Treatment is the same, regardless of the roundworm involved. There are a number of medications that can be used to treat roundworms, and your vet can help you pick the one right for your cat. Medications will only affect adult roundworms, however, so they need to be repeated at two-week intervals to deal with any residual larvae as they mature. The number of treatments necessary will depend on the age of the cat and the situation, which will be assessed by your vet.
If you have a pregnant cat, consult your vet for advice on deworming the mom and kittens. Once dewormed, many of the monthly medications designed for heartworm and parasite control contain medication that will prevent roundworm infections on an ongoing basis—options that can be discussed with your vet.
If your cat is not on one of these preventatives, your vet will recommend a regular deworming protocol to keep roundworms at bay. Cleaning up pet wastes promptly, and preventing pets from eating rodents can also help prevent infection with worms.
How to Prevent Roundworms
Roundworm generally infects cats who spend time outdoors or who spend time with outdoor cats, but it can pass from cat to cat through feces. While it's not impossible to contract roundworm from an insect or rodent that makes its way inside, such an occurrence is relatively rare. Keeping cats inside, therefore, is a powerful protectant.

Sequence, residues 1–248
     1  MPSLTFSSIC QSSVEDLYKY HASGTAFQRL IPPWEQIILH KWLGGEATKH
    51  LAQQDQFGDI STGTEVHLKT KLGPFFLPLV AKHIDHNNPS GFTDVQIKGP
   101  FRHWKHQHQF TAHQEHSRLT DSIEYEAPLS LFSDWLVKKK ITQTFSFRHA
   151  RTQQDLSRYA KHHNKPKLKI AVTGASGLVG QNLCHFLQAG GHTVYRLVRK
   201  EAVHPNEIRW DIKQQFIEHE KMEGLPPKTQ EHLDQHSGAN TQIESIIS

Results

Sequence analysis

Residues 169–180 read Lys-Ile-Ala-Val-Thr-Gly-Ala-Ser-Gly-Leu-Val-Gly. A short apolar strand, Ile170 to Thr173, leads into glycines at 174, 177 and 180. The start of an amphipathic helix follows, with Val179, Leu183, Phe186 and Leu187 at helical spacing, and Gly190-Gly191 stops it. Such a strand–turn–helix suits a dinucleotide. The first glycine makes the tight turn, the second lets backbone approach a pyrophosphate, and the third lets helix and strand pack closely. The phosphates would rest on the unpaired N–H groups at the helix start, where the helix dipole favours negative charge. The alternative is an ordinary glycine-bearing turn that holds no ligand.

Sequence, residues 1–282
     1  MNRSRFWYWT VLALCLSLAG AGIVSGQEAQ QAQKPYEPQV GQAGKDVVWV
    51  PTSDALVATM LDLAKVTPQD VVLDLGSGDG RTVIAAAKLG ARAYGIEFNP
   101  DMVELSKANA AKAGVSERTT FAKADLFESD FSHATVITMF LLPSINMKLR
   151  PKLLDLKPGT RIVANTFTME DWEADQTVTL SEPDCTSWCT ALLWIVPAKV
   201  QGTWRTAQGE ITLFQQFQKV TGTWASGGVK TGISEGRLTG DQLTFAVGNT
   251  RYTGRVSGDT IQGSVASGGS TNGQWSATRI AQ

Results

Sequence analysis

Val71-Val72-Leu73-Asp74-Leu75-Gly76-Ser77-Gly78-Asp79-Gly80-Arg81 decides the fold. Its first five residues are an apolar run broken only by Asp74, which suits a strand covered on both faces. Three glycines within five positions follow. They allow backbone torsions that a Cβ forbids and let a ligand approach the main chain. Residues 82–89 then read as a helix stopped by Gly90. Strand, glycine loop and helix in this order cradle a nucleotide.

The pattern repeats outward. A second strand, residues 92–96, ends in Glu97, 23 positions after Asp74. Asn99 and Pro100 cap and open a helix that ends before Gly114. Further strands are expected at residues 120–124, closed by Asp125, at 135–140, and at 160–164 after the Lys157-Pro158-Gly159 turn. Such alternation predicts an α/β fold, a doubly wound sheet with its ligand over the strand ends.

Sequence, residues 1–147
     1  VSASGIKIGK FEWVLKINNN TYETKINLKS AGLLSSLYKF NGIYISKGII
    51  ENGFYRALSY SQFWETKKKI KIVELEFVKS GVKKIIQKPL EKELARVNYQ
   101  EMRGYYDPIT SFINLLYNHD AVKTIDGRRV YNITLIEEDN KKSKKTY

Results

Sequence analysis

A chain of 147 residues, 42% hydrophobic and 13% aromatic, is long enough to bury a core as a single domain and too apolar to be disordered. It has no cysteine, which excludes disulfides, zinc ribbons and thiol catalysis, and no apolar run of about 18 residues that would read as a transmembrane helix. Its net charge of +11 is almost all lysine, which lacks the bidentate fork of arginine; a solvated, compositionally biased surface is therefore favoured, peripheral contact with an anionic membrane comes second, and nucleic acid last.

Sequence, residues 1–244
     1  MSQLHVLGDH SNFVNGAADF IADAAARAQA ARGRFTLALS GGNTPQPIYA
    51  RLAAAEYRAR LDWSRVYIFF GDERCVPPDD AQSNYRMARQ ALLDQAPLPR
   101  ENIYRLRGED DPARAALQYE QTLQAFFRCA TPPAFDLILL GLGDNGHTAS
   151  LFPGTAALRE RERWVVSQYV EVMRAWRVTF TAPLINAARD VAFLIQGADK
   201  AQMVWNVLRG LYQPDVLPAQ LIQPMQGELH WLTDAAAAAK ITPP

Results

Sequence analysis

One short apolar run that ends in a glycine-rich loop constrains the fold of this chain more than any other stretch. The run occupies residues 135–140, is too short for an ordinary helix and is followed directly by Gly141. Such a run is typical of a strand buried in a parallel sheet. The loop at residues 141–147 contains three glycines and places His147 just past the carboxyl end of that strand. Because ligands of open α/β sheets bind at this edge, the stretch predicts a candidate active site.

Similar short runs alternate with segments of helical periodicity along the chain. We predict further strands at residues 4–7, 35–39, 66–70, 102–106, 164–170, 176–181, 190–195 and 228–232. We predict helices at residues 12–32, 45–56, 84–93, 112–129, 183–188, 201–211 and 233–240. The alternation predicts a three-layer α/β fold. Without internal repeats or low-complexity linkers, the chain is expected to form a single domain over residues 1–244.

Once roundworm is diagnosed, it's important to follow the vet's instructions carefully. In addition:
- Quarantine any infected cats or kittens until the infection is fully resolved
- Be sure to clean litter boxes as often as possible
- Clean all surfaces regularly throughout your cat's treatments
- Be careful to keep cat feces away from other animals and from children
- Practice good hygiene
Kittens should be checked for roundworm several times a year, while adults should be checked once or twice a year. The best way for your vet to diagnose roundworms is by examining a stool sample.
How Cat Roundworms Can Infect Human Beings
The larvae of Toxocara cati roundworms can infect people, as well as cats. This happens when eggs are ingested. It is most common in children who may not practice the best hygiene and may pick up eggs on their hands when playing in the yard, for example. Good hygiene is important; children should wash their hands regularly, and cats should be kept out of areas where children play. Sandboxes, not surprisingly, pose a particular challenge. It's also important to keep pet waste picked up.
The larvae don't develop into adult roundworms in people, but the larvae migrating through the tissues can cause inflammation, especially in young children. Most cases are not serious, but in serious cases, organ damage is possible, as result of the migrating larvae (such as the liver, lung, brain), and sometimes the larvae can reach the eyes, leading to visual disturbances and even blindness.
Migration of roundworm larvae through human tissues is called "visceral larva migrans," while migration to the eyes is called "ocular larva migrans." Proper prevention of a roundworm infection is important to prevent these human health problems.